Vicki Briganti – CW50 Writer / Producer / Editor
Say what you want about Facebook. It’s addicting. It’s a time waster. It’s a platform for cyber-stalking ex-boyfriends or girlfriends. Yes, yes, and yes.
On the flipside, Facebook can reunite you with former friends, coworkers, and neighbors. You don’t have to wonder what ever happened to so and so. Go on Facebook and look for them. Hopefully, an old friend becomes a friend again.
This is exactly what’s happened to me on numerous occasions. I’m Facebook friends with seven of the “kids from the ‘70s.” We all lived on the same side of the street on Kolb Avenue in Allen Park during our childhood. I spent Halloween at Boogie Fever in Ferndale with a college friend, Cathy, who found me on Facebook.
Then there’s the best reconnection of all. How do you find someone who lives in another country? Try Facebook. When I lived in Ann Arbor in ‘92, my friend Luigi was taking MBA classes at U-M for four months before he went back to Milan to finish his degree. We met at the Nectarine Ballroom when he approached me and asked, “Can you tell me how it is for a boy to meet a girl?” My dad’s relatives were born in Italy. I’d taken two years of Italian classes and longed to be fluent. He wanted to improve his English. It was a win-win situation, and we became fast friends.
I showed him my favorite places in Michigan. In exchange, I traveled with him in Italy for six weeks in the fall of ‘93. We toured the entire countryside: from Milan to Florence to Pisa to Rome to Naples to Venice. My Italian has never been great. Without Gigi as my guide, I never would have stopped by a small village called Ripafratta to meet my dad’s cousin, Narcisso. In fact, I might never have gone to Italy at all.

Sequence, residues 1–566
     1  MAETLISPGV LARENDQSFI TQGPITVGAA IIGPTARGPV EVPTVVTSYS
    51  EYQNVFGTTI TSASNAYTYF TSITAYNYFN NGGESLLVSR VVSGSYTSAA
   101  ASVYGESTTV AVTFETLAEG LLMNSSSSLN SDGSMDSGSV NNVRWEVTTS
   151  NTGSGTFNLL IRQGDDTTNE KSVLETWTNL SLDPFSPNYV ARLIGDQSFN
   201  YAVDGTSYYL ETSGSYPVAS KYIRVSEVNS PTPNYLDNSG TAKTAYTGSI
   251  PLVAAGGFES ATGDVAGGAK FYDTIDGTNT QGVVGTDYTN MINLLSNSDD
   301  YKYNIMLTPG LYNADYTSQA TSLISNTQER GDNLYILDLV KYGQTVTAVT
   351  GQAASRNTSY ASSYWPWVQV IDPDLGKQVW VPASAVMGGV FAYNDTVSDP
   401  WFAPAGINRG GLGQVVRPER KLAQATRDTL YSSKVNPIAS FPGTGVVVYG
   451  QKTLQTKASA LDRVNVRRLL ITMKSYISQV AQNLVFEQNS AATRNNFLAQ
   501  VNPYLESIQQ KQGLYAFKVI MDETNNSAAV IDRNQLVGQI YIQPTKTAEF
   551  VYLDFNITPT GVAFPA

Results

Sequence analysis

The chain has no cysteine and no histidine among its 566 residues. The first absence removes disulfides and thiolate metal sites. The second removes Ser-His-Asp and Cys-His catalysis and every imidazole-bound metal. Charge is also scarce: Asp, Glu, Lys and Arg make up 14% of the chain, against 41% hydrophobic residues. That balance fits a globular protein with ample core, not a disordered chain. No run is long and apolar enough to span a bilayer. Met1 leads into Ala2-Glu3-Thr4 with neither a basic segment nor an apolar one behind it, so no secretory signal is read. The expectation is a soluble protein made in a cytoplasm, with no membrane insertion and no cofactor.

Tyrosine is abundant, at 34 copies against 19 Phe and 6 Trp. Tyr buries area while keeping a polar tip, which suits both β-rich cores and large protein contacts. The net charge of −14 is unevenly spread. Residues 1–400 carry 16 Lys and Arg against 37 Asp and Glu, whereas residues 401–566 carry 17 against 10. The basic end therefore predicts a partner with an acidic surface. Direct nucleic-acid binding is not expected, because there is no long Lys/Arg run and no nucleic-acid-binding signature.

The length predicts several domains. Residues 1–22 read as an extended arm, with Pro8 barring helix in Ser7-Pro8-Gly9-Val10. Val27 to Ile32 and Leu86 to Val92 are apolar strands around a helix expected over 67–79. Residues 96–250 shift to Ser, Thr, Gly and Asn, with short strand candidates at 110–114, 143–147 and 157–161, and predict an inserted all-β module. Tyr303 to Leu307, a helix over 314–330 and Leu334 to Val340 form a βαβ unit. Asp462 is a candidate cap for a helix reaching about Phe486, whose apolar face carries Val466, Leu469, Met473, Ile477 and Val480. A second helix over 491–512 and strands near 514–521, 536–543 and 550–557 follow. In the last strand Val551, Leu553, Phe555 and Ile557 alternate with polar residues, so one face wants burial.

The last time I saw Gigi, we were saying “Arrivederci” at the Malpensa airport. When I came back to America, we wrote letters, talked on the phone occasionally, and sent interesting articles and books to each other in the mail. After several years, we lost touch. I tried to find him a few times, but no luck. Then, he found me on Facebook…15 years later.
Guess who was in America for the first time in 19 years? Gigi. He was in Chicago for a work conference. He contacted me via Facebook, and we arranged for him to come visit me in Royal Oak. We spent two days catching up, conversations in English and Italian. (Oh, okay. Mostly in English.) We ate dinner at the Rugby Grille in Birmingham, and now he can tell his friends in Italy he saw Laurence Fishburne and Martin Landau. We also went to Ann Arbor so he could, as he wrote to me before he came, “Give a look back to places of one of my happiest period of my life.”
My dad once told me, “Gigi’s from Southern Italy. He’s a little ‘pazzo.’ Don’t be surprised if he shows up someday out of the blue.” Over the years, I wondered if we’d ever meet again. Did it really just happen? As we said our goodbyes, again, I realized we were still college students at heart: a boy and a girl. The circumstances in our lives had changed, but the changes hadn’t changed us much. As Gigi noted, “You are the same. Only a few kilos more.” I don’t know how much a kilo is, but I’m pretty sure it’s five or six ounces.
How appropriate Gigi came to town right before Thanksgiving. I’m thankful for the gifts we’ve given each other: language, food, art and culture. Essentially, he gave me Italy. What a blessing to share such a unique friendship that stood the test of time. It just goes to show you, goodbye is not forever.
I wonder if we’ll reunite in another 18 years? Maybe next time, I’ll get to “give a look back to places of Italy.” In the meantime, we’ll always have Facebook.
Ciao, ragazzo. Stop by anytime you’re in America.
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